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How do I check if I imported a module somewhere in the code?

 if not has_imported("somemodule"):
     print('you have not imported somemodule')

The reason that I would like to check if I already imported a module is because I have a module that I don't want to import, because sometimes it messes up my program.

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5 Answers 5

210

Test for the module name in the sys.modules dictionary:

import sys

modulename = 'datetime'
if modulename not in sys.modules:
    print 'You have not imported the {} module'.format(modulename)

From the documenation:

This is a dictionary that maps module names to modules which have already been loaded.

Note that an import statement does two things:

  1. if the module has never been imported before (== not present in sys.modules), then it is loaded and added to sys.modules.
  2. Bind 1 or more names in the current namespace that reference the module object or to objects that are members of the module namespace.

The expression modulename not in sys.modules tests if step 1 has taken place. Testing for the result of step 2 requires knowing what exact import statement was used as they set different names to reference different objects:

  • import modulename sets modulename = sys.modules['modulename']
  • import packagename.nestedmodule sets packagename = sys.modules['packagename'] (no matter how many addional levels you add)
  • import modulename as altname sets altname = sys.module['modulename']
  • import packagename.nestedmodule as altname sets altname = sys.modules['packagename.nestedmodule']
  • from somemodule import objectname sets objectname = sys.modules['somemodule'].objectname
  • from packagename import nestedmodulename sets nestedmodulename = sys.modules['packagename.nestedmodulename'] (only when there was no object named nestedmodulename in the packagename namespace before this import, an additional name for the nested module is added to the parent package namespace at this point)
  • from somemodule import objectname as altname sets altname = sys.modules['somemodule'].objectname
  • from packagename import nestedmodulename as altname sets altname = sys.modules['packagename.nestedmodulename'] (only when there was no object named nestedmodulename in the packagename namespace before this import, an additional name for the nested module is added to the parent package namespace at this point)

You can test if the name to which the imported object was bound exists in a given namespace:

# is this name visible in the current scope:
'importedname' in dir()

# or, is this a name in the globals of the current module:
'importedname' in globals()

# or, does the name exist in the namespace of another module:
'importedname' in globals(sys.modules['somemodule'])

This only tells you of the name exists (has been bound), not if it refers to a specific module or object from that module. You could further introspect that object or test if it’s the same object as what’s available in sys.modules, if you need to rule out that the name has been set to something else entirely since then.

4
  • 1
    Is this the best way to check for a required package inside a function? That is, say some function requires numpy package - is using import sys inside the function the best to check that it has been imported? By "best" I mean in term of the performance impact as import sys will be then called each time the function is called. Thank you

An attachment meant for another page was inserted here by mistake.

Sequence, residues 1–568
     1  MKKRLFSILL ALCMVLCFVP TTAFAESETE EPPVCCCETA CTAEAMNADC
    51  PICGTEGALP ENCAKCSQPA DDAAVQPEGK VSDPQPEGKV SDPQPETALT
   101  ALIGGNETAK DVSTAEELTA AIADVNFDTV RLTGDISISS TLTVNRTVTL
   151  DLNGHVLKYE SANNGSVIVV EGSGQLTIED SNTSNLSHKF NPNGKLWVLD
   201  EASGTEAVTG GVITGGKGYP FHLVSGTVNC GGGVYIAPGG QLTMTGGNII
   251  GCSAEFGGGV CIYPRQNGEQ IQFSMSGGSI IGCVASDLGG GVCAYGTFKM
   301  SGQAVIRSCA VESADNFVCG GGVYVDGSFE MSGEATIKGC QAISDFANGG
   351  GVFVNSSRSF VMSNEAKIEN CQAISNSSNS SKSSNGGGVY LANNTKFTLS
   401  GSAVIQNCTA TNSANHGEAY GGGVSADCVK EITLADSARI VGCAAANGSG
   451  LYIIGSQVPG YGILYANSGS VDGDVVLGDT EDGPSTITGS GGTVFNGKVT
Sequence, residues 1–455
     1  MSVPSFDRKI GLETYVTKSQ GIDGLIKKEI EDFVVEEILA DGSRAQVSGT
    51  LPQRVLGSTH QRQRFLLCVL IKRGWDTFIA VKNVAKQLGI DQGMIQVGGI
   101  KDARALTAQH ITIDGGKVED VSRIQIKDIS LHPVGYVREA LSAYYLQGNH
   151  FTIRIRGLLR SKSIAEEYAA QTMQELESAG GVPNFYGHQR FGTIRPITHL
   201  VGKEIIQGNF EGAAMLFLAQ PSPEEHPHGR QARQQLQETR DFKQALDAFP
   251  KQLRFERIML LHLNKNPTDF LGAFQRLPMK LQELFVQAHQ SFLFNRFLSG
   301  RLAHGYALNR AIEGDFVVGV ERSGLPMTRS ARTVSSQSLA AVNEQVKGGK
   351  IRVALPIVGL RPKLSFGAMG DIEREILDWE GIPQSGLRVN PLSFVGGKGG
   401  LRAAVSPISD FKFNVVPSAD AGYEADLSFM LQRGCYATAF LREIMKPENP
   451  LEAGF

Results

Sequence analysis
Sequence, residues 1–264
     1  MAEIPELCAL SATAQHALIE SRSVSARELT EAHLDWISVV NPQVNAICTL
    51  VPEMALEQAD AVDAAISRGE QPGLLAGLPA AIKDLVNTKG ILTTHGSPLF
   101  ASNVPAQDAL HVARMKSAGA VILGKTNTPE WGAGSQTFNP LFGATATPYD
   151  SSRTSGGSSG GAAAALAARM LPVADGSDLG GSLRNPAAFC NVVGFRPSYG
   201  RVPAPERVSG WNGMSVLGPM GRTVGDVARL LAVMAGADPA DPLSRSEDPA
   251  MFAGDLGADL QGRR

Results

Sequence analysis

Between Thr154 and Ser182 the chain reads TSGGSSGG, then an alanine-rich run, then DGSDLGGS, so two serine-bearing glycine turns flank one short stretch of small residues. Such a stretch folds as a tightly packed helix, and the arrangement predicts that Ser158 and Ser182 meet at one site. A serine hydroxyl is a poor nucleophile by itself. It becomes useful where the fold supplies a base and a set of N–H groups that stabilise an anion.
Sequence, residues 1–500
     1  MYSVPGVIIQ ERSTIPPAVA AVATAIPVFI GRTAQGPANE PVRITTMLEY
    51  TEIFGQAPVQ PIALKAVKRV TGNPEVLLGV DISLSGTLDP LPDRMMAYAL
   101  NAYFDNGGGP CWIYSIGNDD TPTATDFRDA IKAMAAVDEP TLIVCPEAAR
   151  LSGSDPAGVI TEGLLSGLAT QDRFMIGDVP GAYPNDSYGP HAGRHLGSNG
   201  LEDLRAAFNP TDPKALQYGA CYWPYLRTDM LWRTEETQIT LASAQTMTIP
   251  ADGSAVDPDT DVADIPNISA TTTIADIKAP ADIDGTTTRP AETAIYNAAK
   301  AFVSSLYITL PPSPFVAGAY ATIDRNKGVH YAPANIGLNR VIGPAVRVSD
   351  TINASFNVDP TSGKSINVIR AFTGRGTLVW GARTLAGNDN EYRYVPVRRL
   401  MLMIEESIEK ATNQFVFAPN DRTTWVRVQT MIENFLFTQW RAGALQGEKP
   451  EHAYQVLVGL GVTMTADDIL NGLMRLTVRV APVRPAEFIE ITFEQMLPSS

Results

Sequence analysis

– Confounded
    Commented Dec 2, 2019 at 17:10
  • 1
    @Confounded you can simply import sys outside of the function if that worries you. Not that import sys is in any way expensive; sys always exists, it is by default already loaded. But for an optional package: just import the package. Catch the ImportError exception if the package is not installed, and set a flag indicating it is installed when the import succeeds. After that you can use the flag to inform your use of the optional dependency.
    – Martijn Pieters
    Commented Dec 2, 2019 at 23:39
  • How to check if sys is imported?
    – Fisher
    Commented Oct 6, 2021 at 14:01
  • @Fisher: you don't. sys is always active. If you need to know if sys was imported into the current global namespace, you could check if the name sys exists, but I don't see any point in that.
    – Martijn Pieters
    Commented Oct 29, 2021 at 12:44
50

To the sys.modules answers accepted, I'd add one caveat to be careful about renaming modules on import:

>>> import sys
>>> import datetime as dt
>>> 'dt' in sys.modules
False
>>> 'datetime' in sys.modules
True
1
  • 1
    An explanation would be in order. Commented Apr 8, 2022 at 13:20
23

Use sys.modules to test if a module has been imported (I'm using unicodedata as an example):

>>> import sys
>>> 'unicodedata' in sys.modules
False
>>> import unicodedata
>>> 'unicodedata' in sys.modules
True
12

sys.modules contains all modules used anywhere in the current instance of the interpreter and so shows up if imported in any other Python module.

dir() checks whether the name was defined in the current namespace.

The combination of the two is safer than each separate and works as long you didn't define a copy yourself.

if ('copy' in sys.modules) and ('copy' in dir()):
8

Use:

if "sys" not in dir():
  print("sys not imported!")

This works well at the beginning (top) of the code, but it should be carefully used, in case another object with name sys is created.

2
  • That only checks whether the module was imported in the current namespace. Also sys can be anything, not just a module.
    – vaultah
    Commented Nov 20, 2017 at 12:13
  • 1
    There's a problem with this answer - if you import module as some name - the name you choose will appear there; For example - import numpy as np - dir() will contain np and not numpy
    – noamgot
    Commented Mar 13, 2023 at 10:56

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